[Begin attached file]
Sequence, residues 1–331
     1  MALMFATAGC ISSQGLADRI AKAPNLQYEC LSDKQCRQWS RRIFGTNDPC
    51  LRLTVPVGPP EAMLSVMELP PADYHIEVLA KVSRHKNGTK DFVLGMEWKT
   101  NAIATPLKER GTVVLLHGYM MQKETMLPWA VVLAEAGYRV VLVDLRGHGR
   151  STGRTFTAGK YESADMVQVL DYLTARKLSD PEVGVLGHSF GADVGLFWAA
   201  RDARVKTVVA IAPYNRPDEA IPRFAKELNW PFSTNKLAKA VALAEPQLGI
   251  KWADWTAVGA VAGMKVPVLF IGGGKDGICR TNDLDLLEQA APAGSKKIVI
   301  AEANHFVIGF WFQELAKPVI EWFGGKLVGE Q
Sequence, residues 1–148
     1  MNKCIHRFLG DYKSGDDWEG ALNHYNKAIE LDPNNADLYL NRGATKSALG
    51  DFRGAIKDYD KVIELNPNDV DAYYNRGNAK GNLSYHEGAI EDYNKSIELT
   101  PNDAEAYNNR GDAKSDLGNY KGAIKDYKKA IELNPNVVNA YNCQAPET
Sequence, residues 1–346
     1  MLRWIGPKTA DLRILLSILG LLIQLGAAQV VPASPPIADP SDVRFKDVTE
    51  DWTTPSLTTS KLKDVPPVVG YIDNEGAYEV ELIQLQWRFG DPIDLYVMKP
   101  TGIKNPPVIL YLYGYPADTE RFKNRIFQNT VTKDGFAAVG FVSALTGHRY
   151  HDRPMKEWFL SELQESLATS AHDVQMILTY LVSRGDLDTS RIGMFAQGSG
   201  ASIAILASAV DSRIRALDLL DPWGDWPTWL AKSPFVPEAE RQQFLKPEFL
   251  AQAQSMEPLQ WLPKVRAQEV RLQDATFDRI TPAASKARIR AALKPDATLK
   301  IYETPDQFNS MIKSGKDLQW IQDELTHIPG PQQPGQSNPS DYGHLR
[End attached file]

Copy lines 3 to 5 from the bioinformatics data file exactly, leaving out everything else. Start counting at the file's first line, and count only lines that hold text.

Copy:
    51  LRLTVPVGPP EAMLSVMELP PADYHIEVLA KVSRHKNGTK DFVLGMEWKT
   101  NAIATPLKER GTVVLLHGYM MQKETMLPWA VVLAEAGYRV VLVDLRGHGR
   151  STGRTFTAGK YESADMVQVL DYLTARKLSD PEVGVLGHSF GADVGLFWAA